On the other hand, quinones (Figure 4B) are compounds that can produce thiol-depletion in many prokaryotic organisms. Their oxidative effect is derived from a one-electron reduction pathway carried by an NAD(P)H-dependent reductase that results in a semi-quinone radical formation [111]. During the incomplete reduction of quinones, the semiquinone radical resulting from this reaction may lead to the partial reduction of O2 to O2•−, which is a highly reactive oxygen species [112].
Quinones are compounds that can be produced as secondary metabolites by Actinoallomorus and Streptomyces sp. [113,114] and show antimicrobial activity against important pathogens such as Enterococcus sp., Streptococcus sp., Staphylococcus sp., or Moraxela catarrhalis [113]. Most importantly, quinones are active against methicillin-resistant S. aureus [114], which is a facultative intracellular pathogen [115].
Finally, there are several plant-derived compounds that show a clear antimicrobial activity because of their capacity to generate an oxidative shift in the bacterial cytoplasm. The most studied is allicin (Figure 4B), which is a defense molecule produced by garlic (Allium sativum) with important antibacterial activities and responsible of the aroma of fresh garlic [116,117]. Allicin is a reactive sulfur species (RSS), which is able to oxidize thiol groups of proteins in a dose-dependent manner. The antimicrobial activity of allicin and its oxidative role has been clearly demonstrated in S. aureus and Bacillus subtilis. In these bacteria, allicin generates a strong disulfide stress that significantly reduces the bacterial viability [118,119].
There are many other secondary metabolites produced by plants that may elicit oxidative stress in bacteria, such as catechins, ferulic acid, and their derivatives [120,121]. The combination of RONS-generating antimicrobials with these compounds may lead to the development of promising therapeutic strategies against different intracellular bacterial pathogens [120,121].
However, one major drawback of some RONS-producing antibiotics is the generation of oxidative stress on specific host tissues, which may render clinically ineffective the therapeutic strategies based on these drugs. Indeed, some aminoglycosides, fluoroquinolones, and beta-lactam antibiotics may induce host cellular damage in specific tissues such as the renal cortex or tendons by generating oxidative stress [122,123,124,125]. Nevertheless, this side effect could be lessened by specific antioxidant molecules [124,126,127].

6. Concluding Remarks

The maintenance of redox homeostasis is a key process that is tightly controlled by intracellular pathogens during the colonization of the host cell. This mechanism is based on different redoxins and low molecular weight-thiol molecules that maintain the bacterial cytoplasm reduced. The capacity of intracellular pathogens to respond to the oxidative stress generated by macrophages as well as their ability to circumvent or resist antimicrobials makes them an important human health issue. Novel therapeutic strategies based on the capacity of different compounds to increase RONS synthesis during phagocytosis are being developed with the aim to unbalance bacterial redox defenses and stop host cell colonization. Despite of the fact that the majority of these novel treatments have not been yet tested in vivo, they have a great potential to solve the increasing problem of antibiotic-resistant infections caused by intracellular bacterial pathogens.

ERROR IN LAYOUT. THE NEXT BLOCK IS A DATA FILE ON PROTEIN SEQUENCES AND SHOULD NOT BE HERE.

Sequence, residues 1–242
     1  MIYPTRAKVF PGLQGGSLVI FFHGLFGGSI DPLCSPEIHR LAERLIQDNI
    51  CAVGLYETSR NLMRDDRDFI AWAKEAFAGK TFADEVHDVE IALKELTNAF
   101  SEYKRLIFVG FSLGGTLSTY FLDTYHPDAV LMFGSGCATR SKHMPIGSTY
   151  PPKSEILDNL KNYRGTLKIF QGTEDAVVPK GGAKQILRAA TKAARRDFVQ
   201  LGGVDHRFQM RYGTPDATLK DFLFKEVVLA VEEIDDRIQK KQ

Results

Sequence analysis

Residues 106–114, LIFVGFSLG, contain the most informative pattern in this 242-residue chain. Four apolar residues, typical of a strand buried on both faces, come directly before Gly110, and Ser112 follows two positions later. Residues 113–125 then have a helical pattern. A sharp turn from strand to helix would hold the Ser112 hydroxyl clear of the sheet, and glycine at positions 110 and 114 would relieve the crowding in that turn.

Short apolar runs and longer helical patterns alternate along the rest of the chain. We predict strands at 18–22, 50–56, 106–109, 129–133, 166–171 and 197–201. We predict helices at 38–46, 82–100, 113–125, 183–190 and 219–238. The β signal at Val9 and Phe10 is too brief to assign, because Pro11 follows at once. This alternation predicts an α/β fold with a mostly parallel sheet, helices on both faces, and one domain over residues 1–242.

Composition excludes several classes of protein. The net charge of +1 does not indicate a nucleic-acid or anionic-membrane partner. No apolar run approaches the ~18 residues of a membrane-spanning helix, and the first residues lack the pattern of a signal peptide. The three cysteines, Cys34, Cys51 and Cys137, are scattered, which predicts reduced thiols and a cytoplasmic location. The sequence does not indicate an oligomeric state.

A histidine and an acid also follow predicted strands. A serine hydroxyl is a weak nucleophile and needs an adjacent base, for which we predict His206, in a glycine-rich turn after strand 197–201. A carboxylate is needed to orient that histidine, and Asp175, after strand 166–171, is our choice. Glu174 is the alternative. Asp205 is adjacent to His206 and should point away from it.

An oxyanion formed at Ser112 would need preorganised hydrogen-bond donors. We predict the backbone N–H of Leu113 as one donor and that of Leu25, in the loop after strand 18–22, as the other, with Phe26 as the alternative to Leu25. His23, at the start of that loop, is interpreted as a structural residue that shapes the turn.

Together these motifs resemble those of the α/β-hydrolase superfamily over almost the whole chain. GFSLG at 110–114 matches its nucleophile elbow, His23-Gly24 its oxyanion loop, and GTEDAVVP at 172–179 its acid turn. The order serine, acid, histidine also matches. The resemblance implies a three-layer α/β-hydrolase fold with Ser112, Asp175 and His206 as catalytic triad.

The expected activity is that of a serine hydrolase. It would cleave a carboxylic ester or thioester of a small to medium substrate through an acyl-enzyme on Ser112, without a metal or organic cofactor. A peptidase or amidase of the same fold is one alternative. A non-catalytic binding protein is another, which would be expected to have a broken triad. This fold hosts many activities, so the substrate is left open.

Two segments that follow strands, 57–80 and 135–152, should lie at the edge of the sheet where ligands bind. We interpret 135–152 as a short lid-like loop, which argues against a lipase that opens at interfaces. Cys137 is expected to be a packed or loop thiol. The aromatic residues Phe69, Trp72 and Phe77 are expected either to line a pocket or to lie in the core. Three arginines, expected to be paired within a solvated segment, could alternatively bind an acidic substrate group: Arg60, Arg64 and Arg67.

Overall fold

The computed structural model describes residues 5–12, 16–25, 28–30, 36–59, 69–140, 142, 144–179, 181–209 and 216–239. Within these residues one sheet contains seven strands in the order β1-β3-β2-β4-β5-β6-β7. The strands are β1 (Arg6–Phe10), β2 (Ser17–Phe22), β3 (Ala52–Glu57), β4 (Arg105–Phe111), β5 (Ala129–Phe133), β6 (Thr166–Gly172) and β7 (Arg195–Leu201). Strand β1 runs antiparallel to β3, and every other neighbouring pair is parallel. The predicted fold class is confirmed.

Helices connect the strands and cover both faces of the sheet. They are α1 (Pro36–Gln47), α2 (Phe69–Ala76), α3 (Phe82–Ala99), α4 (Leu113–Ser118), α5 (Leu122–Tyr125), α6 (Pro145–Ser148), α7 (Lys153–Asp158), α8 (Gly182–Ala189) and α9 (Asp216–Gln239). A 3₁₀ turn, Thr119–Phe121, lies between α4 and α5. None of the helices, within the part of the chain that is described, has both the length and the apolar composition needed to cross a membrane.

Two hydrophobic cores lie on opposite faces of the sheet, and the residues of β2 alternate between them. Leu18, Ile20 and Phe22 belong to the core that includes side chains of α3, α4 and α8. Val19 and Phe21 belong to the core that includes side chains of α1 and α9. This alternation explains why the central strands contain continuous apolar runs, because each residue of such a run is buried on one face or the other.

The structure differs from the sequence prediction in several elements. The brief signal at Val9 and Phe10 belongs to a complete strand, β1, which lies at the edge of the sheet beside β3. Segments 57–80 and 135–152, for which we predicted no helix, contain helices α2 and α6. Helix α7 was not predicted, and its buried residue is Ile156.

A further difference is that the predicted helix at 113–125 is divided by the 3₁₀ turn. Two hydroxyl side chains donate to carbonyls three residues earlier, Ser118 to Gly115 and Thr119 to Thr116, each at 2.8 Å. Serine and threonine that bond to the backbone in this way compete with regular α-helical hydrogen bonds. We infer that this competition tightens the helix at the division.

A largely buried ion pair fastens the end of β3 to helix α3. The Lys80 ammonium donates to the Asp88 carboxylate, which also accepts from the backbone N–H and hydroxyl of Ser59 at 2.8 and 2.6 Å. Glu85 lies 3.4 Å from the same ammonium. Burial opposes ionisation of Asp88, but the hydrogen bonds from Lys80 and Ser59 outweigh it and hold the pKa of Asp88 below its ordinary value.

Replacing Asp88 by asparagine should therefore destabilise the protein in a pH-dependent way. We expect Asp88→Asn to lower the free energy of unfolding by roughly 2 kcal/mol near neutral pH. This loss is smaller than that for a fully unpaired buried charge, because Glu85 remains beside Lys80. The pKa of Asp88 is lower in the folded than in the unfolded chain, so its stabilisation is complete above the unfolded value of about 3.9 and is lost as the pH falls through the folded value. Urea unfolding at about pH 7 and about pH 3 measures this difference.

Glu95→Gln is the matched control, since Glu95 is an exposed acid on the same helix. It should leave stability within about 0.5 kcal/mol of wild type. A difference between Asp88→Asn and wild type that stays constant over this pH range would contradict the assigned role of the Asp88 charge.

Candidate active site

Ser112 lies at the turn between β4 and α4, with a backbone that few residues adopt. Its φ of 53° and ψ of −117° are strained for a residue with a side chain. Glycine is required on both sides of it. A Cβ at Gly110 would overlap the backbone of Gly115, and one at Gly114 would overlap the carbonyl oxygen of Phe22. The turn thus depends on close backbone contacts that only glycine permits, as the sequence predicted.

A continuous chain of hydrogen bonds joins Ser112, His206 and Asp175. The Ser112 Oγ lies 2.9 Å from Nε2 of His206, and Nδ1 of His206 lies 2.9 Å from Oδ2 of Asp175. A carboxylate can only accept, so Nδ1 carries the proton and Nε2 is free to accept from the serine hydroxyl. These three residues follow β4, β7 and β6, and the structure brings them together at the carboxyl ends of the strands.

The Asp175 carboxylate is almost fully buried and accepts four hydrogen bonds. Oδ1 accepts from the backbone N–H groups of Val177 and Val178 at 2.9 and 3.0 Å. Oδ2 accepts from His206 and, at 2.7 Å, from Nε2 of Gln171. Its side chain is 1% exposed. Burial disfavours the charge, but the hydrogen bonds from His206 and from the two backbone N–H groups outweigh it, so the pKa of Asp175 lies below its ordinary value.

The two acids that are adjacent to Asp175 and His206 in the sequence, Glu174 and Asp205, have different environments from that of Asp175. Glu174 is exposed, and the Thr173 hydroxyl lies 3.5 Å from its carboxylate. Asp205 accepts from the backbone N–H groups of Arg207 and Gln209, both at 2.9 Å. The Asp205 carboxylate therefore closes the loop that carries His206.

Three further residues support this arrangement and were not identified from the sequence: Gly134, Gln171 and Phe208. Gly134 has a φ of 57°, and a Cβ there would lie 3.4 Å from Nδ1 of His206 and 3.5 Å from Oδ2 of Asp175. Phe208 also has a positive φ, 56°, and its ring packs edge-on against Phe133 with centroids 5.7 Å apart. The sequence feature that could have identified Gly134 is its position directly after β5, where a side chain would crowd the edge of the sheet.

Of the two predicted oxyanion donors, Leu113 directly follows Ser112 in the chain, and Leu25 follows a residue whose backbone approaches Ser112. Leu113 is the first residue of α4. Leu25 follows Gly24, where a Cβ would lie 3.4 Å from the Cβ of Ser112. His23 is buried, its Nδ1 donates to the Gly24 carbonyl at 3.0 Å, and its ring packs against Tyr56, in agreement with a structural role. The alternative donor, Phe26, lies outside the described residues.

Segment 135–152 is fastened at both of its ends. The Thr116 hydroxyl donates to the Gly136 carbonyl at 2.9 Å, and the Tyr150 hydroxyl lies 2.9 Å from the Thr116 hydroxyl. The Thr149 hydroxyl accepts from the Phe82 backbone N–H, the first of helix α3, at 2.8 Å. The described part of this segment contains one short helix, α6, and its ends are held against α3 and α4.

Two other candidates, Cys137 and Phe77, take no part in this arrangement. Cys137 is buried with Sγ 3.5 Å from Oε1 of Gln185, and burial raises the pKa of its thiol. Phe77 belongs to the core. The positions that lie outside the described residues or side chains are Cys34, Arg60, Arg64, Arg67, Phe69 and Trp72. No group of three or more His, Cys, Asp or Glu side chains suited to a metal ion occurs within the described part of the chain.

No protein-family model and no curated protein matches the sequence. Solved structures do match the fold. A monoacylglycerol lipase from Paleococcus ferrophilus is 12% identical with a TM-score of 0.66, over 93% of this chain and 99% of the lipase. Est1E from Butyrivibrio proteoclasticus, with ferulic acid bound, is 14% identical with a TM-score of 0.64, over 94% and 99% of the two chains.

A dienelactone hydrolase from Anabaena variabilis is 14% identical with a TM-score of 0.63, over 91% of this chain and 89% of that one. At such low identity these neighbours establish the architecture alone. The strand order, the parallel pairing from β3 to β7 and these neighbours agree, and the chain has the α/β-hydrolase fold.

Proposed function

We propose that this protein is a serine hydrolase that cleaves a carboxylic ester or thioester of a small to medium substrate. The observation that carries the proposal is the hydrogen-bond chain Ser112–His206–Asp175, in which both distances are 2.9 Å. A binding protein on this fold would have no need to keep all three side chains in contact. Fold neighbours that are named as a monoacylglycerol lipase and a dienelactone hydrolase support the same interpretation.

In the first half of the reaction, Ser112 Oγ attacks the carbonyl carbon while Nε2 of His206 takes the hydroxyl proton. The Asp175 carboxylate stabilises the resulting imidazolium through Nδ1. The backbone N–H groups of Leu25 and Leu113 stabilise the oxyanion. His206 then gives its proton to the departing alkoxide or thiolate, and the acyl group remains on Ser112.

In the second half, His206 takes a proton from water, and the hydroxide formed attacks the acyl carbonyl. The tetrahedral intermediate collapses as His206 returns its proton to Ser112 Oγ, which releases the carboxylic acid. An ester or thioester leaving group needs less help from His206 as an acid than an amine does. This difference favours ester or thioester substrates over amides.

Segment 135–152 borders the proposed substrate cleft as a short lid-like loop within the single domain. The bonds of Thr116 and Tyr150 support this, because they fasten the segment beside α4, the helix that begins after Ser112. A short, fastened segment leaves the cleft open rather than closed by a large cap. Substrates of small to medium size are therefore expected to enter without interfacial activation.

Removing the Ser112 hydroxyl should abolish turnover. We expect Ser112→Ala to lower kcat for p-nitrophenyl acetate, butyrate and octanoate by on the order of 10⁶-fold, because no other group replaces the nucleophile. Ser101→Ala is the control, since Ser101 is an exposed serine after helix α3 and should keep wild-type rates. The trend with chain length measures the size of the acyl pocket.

Author Contributions

Á.M. wrote the first draft of the manuscript. All authors contributed to manuscript revision. All authors have read and agreed to the published version of the manuscript.


This research was funded by intramural funding from the University of Leon to L.M.M. and from the University of Roehampton to M.L. Á.M. was granted an “Ayuda Puente” from the University of Leon.


We are thankful to the anonymous reviewers for reading our manuscript and for their insightful comments and suggestions.

Conflicts of Interest

The authors declare no conflict of interest.


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Figure 1. (A) During infection, pathogen-associated molecular patterns (PAMPs) are recognized by pattern recognition receptors (PRRs) which are present on the surface of professional phagocytes. PRRs include integrins, toll-Like receptors (TLRs), Fc receptors such as FCγRI, tumor necrosis factor receptors (TNFRs), and G Protein-Coupled Receptors (GPCRs). (B) RONS synthesis is triggered during phagocytosis to generate a bactericidal oxidative stress. There are different enzymes involved on this process, including NADPH oxidases (NOX), nitric oxide synthases (iNOS), superoxide dismutates (SOD), and myeloperoxidases (MPO).
Figure 1. (A) During infection, pathogen-associated molecular patterns (PAMPs) are recognized by pattern recognition receptors (PRRs) which are present on the surface of professional phagocytes. PRRs include integrins, toll-Like receptors (TLRs), Fc receptors such as FCγRI, tumor necrosis factor receptors (TNFRs), and G Protein-Coupled Receptors (GPCRs). (B) RONS synthesis is triggered during phagocytosis to generate a bactericidal oxidative stress. There are different enzymes involved on this process, including NADPH oxidases (NOX), nitric oxide synthases (iNOS), superoxide dismutates (SOD), and myeloperoxidases (MPO).